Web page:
I am

This post was inspired by this. Thanks Angela.

lake yoga

My mind is often a crazy thing. It takes me down some dark and convoluted turns that lead to wondrous places. It broods over calamities for so much longer than is healthy. It gets stuck, fixated on how other people feel about things because, for some reason, this is what my brain really wants to know. I don’t just want to analyse another person’s feelings, I want to feel them. Often times this is what drives my writing. But it’s also what leads to the problems in my writing. This outpouring of empathy, of feeling, can swamp the story; it wallows in it, weighed down, waterlogged.

I have no doubt, though, of how much it helps me in my job as a weight loss consultant. I know how my clients are feeling in their struggle to be free of the fat suit that weighs them down in every conceivable way. I validate but don’t excuse the behaviour that got them there. I listen and I advise and I allow them to remember what they truly deserve, because ultimately, that’s where they’re going wrong.

And then, at the end of the day, I’m tired. My brain hurts. I’m tired from feeling all these feelings that don’t belong to me. I get out my notebook and I mine these feelings, these women, these events, this current I feel under my feet, for stories. I mine. I muse. I write. And then I lie on the floor with a rolled up towel under my spine, tourmalines at my feet. I close my eyes and I focus on my breath. This is the only time of the day that I truly come home. To myself. And out of myself so that I can connect to the space around me; the bits of me that aren’t me, which go such a long way to defining who I actually am. I am part of everything, but I really only come to know that when I shut everything out. I am a sponge and I am a preacher. I am a scribe and I am a witness. I am tired and I am stimulated. In this world I am 36 years of memories and stories. Out of it my story is eternal.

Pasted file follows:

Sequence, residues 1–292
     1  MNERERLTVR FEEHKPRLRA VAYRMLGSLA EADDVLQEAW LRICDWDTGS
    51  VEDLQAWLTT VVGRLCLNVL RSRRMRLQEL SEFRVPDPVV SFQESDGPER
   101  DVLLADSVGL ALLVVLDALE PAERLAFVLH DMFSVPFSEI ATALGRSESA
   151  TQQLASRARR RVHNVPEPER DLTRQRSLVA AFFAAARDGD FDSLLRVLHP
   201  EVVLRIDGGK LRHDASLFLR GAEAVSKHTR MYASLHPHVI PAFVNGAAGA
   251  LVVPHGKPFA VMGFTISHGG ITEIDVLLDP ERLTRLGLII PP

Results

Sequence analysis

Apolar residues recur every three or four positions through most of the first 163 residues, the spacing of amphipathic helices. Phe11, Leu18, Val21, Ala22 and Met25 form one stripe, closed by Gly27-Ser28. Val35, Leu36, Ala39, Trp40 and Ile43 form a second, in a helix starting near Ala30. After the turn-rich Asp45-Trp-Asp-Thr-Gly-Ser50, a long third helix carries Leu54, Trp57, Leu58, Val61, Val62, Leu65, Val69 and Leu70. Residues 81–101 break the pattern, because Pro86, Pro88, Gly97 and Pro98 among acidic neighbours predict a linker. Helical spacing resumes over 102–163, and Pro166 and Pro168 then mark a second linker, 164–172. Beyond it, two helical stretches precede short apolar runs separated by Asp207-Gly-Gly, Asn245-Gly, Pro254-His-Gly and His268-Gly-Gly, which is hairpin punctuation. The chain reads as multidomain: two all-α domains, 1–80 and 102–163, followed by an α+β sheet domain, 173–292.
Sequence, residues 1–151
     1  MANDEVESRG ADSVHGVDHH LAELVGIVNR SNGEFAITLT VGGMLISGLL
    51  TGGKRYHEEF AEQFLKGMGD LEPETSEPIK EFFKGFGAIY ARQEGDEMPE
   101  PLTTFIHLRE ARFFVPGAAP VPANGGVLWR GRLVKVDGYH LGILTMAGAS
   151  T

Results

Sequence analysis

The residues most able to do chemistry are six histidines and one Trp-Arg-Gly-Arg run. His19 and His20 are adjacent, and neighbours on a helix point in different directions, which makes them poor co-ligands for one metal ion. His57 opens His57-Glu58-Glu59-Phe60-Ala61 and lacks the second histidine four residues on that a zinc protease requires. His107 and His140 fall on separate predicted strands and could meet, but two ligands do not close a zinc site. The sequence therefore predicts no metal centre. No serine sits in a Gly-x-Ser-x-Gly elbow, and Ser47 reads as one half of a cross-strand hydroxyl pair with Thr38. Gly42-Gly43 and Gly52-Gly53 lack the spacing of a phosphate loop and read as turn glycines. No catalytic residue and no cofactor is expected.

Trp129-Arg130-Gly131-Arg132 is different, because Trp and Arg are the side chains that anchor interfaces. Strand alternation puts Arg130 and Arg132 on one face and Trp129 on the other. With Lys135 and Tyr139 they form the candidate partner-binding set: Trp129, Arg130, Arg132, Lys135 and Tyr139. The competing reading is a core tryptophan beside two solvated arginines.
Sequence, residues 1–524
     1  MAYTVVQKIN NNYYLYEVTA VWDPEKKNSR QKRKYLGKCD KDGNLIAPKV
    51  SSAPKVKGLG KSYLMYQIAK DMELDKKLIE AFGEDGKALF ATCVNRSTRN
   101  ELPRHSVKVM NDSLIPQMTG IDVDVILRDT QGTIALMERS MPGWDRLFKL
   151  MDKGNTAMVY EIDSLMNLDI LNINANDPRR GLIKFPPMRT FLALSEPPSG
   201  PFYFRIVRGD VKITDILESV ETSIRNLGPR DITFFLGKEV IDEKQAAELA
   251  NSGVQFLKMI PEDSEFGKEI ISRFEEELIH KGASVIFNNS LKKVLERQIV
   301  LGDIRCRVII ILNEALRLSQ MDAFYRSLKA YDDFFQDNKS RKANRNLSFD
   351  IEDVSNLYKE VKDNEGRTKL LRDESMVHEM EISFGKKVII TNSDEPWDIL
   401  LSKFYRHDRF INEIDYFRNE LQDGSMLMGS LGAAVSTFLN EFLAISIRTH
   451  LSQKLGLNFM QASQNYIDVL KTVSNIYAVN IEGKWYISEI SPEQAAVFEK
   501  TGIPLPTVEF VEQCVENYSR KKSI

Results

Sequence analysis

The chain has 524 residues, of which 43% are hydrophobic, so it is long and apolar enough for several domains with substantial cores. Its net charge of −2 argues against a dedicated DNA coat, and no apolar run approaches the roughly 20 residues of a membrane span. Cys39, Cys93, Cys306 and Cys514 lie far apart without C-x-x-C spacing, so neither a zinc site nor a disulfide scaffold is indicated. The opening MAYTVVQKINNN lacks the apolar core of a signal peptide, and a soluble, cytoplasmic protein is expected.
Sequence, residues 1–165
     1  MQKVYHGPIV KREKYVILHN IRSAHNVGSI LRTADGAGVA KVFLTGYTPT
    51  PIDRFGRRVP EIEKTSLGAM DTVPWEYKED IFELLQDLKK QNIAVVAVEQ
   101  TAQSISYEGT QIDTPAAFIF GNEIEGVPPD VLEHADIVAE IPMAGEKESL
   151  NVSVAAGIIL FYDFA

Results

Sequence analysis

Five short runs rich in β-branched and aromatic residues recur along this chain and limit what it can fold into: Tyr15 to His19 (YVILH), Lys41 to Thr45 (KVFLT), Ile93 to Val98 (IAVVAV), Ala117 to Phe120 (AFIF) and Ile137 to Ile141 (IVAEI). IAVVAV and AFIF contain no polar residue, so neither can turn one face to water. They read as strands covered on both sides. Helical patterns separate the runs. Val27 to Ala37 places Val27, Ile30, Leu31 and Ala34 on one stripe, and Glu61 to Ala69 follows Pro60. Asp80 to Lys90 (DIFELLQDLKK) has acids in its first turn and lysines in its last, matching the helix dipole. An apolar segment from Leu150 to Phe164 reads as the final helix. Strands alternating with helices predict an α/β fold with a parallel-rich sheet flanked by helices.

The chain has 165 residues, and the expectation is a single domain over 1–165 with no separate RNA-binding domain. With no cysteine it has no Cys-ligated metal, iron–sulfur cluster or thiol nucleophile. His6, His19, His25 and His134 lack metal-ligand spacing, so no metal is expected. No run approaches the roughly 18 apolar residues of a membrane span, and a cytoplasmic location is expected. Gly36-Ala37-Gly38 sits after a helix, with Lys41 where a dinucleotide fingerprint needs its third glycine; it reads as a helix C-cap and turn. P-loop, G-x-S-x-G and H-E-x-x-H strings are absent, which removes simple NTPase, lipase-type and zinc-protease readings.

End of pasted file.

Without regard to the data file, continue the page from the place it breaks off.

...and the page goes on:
Filed under Art, Fiction, Flash fiction, Health, Inspirational, Love, Reading, Spiritual, Weight Loss, Women/Feminist, Writing

18 responses to “I am

  1. Wow, Angela’s post was eerily familiar… although I’m concerned that I’m 12 years her senior and still have little more than that whirring mind and empty wallet to my name! Oh, that’s not true, I jest, but not by a whole lot.

    Your job sounds exhausting, Simonne. Excellent fiction fodder, I imagine, but exhausting. I couldn’t do a job like yours for that very reason: an inability to create boundaries between their experience and my own. I’d want to know. That’s my problem too – I always want to know. It’s extremely hazardous, I think! Hey, please email me that short story – and let’s chat on email about a swap.


    • I too am 12 years Angela’s senior, Di and also share those concerns 😉
      It’s a bizarre job I have. I love it, I always have loved talking to women about nutrition and self esteem etc, but yes, it can be hard to let it go at the end of the day sometimes.
      I’ll send you that story, and yes, would love to swap. Talk to you soon 🙂


  2. There is no real boundary between the self and the world, just an undulating flux and flow which you have captured so precisely here in your beautifully balanced prose. What’s a tourmaline? It sounds like a very yummy pastry.


    • Thank you Paul.
      A tourmaline is not a pastry, although lying with a pastry at my feet is an interesting idea, I’ll give you that! It’s a black crystal – a very grounding one 🙂


  3. “There is no real boundary between the self and the world, just an undulating flux and flow…” How perfectly that encapsulates it, Paul!


  4. ‘This outpouring of empathy, of feeling, can swamp the story; it wallows in it, weighed down, waterlogged.’ I have the same problem with my writing – it’s so hard to step back. And it’s hard for me to ‘let go’ of feeling, too. I don’t let things ‘pass through’ so much as store them up, hold them in, and get overwhelmed. Sounds like you are similar there. x